Students in a design-build program at the Southern California Institute of Architecture have completed a house in a crime-ridden area of Los Angeles, with features included to help occupants feel "safe and secure" (+ slideshow).
Called the IVRV House, the dwelling was built in collaboration with the Greater Los Angeles chapter of Habitat for Humanity, a nonprofit organisation that constructs homes for those in need.
The home is located in West Athens, a crime-ridden and low-income neighbourhood, and was built on land donated by LA County. Excluding donated labour and materials, the house was constructed for $165 per square foot (£112).
Encompassing 1,185 square feet (110 square metres), the two-storey home contains three bedrooms and two full bathrooms.
Topped with a gabled roof, the wood-framed dwelling is clad in cement boards, which were donated.
The front facade is opaque, with the exception of large cuts in the upper portion – enabling daylight to steam into an entry courtyard on the ground level – and a balcony and bedroom on the upper floor.
The rear of the house is tilted in order to "thicken the wall for added insulation and to provide shading for the inset windows," said Darin Johnstone, a design studio professor who heads the SCI-Arc/Habitat LA Housing Project.
The sides of the building are partially sheathed in screens that bring light and air into the courtyard and a carport, while also protecting the home from intruders.
"So many of the houses in the neighbourhood have fences on the front property line and bars on the windows," said Johnstone.
"We wanted to create a protected outdoor area within the gabled volume of the house, so the family can enjoy the full benefits of the California climate and lifestyle while feeling safe and secure."
The brise-soleils, referred to as "eco-screens" by the design team, also have environmental benefits.
The outer layer consists of black exterior metal panels that are designed to accommodate thin photovoltaic panels. The inner layer is made of vinyl strips coated in a photocatalyst material that captures and neutralises harmful particulates in the air.
The layers are affixed to a steel tube structural frame.
Inside, the home features a compact layout. The first floor contains an open-plan kitchen and living room, along with a small powder room.
"The kitchen area is double height, taking full advantage of the tall gabled space and allowing the southern light from the window wall to penetrate deep into the spaces of the house," the team said.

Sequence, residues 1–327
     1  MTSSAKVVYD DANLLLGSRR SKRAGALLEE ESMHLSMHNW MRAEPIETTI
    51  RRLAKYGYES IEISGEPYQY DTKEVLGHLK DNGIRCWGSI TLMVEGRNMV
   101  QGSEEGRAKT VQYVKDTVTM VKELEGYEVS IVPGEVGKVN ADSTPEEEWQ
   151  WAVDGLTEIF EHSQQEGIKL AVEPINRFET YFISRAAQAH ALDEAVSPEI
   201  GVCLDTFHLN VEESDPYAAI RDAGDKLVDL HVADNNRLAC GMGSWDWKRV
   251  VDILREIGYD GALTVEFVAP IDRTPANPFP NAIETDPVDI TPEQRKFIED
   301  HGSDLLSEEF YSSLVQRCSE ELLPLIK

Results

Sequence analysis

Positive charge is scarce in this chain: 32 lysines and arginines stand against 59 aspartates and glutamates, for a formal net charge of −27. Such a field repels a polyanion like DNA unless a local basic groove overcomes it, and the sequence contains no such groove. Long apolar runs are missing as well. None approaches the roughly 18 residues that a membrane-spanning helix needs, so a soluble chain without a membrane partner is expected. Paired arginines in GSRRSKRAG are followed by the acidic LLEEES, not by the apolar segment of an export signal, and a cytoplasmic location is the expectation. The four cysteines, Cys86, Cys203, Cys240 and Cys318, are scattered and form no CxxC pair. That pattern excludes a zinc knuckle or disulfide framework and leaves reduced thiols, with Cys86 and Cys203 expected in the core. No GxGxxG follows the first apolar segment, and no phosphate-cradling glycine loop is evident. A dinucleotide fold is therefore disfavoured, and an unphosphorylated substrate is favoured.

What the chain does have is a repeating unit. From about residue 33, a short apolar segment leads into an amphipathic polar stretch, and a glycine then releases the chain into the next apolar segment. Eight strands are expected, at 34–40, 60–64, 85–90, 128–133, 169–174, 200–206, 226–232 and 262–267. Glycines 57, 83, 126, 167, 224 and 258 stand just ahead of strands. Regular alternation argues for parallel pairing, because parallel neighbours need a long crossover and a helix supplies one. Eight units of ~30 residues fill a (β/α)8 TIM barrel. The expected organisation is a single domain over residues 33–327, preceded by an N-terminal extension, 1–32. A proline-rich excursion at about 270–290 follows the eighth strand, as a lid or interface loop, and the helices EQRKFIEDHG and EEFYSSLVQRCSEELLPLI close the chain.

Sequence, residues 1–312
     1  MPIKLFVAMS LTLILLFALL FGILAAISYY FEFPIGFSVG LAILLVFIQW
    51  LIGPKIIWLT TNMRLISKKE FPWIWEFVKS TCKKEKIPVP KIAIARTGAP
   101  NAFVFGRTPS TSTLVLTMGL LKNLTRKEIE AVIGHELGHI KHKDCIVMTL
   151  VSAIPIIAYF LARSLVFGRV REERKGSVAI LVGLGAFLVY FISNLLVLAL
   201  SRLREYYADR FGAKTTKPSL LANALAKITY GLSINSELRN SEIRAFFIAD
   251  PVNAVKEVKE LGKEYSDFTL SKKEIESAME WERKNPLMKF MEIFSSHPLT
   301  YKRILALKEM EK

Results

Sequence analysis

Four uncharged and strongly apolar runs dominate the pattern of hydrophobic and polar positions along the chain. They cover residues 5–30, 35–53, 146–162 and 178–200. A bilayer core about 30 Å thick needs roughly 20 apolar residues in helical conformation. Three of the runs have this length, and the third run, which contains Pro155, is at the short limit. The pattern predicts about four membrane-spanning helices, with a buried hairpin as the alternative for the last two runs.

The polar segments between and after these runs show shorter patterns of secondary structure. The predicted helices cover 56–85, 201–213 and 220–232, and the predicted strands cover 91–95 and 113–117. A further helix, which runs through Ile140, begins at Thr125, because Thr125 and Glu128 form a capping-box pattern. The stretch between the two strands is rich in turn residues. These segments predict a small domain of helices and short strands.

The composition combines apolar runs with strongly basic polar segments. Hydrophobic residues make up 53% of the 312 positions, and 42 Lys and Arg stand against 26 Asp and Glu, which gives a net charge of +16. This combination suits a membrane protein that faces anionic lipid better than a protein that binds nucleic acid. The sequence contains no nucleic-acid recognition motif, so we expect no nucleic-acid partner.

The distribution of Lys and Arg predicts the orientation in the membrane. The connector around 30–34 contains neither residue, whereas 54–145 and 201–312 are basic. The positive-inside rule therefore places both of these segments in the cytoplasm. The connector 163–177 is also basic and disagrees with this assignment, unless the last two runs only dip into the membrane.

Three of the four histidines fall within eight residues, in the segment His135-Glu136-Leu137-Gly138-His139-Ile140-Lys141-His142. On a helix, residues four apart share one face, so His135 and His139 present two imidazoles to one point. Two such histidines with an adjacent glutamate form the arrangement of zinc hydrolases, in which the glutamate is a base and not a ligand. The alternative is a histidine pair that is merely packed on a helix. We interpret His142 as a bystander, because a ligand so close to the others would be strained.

The second storey houses the bedrooms, full bathrooms and a glass-enclosed corridor that overlooks the entry court.
The home has been purchased for an undisclosed amount by Belete Belhu, a US Army veteran who was born in Ethiopia. Belhu and his family helped construct the dwelling.
The house was designed over the course of three studios at SCI-Arc that explored affordable, sustainable and contemporary residential design. Ten schemes were initially proposed, with a final scheme chosen through a juried review.
The home was then constructed during a seminar course.
"We tried to challenge the status quo of sustainable and affordable housing in form and content," said Johnstone.
He noted that the team focused on creating a solution that was appropriate for West Athens.
"In this historically challenged neighbourhood, we tried to produce a house for the family that is not only safe, affordable and sustainable but also delightful, alluring and hopefully beautiful," he said.
The IVRV House is their first completed project. Its name stems from the idea of "turning the residential typology inside out – inverting and reversing convention functional relationships," said Johnstone.
"SCI-Arc has always believed that design can change the world, and these students have proven that by building a house that incorporates sustainability, smart materials and novel economic building systems," said John Enright, the school's vice director.
SCI-Arc's campus occupies a former freight depot in LA's Downtown arts district. It currently has 500 students and 80 faculty members.
Other student design-build projects in the US include a contemporary family home in a low-income neighbourhood by Yale architecture students and a pair of micro cabins on the Navajo Reservation in Utah by architecture students at the University of Colorado Denver.
Photography is by Joshua White.
Instructor: Darin Johnstone
Student lead: Howard Chen
Winning design team: Deysi Blanco, Howard Chen and Sarah Mark
Student design, development and construction team: Deysi Blanco, Louie Bofill, Leonora Bustamante, Renso Caicedo, Rome Cao, Howard Chen, Yufan Chen, Hussam Al Dabiani, Jennifer Diep, Eliad Dorfman, Elliot Freeman, Adam Fujioka, Meldia Hacobian, Sungmi Hyun, Thomas Leglu, Sylvia Liu, Ayla Malka, Sarah Mark, Kazi Maysun, Lu Cheng Pan, Jin Park, Yixiong Peng, Noni Pittenger, Jiamin Shou, Cathy Qu, Breeze Xue
Student seminar construction team: Sara Abalkhail, Renso Caicedo, Robert Davidsun, Coleman Griffin, Zhaoji Luo, Xueyang Lyu, Trenton Allan Mays, Saba Nasehi, Nairi Nancy Nayirian, Carol Ann Paden, Uriel Quevedo
Structural engineer: Nous Engineering – Matthew Melnyk, principal and Stephanie Miyata
MEP engineer: Ctl-e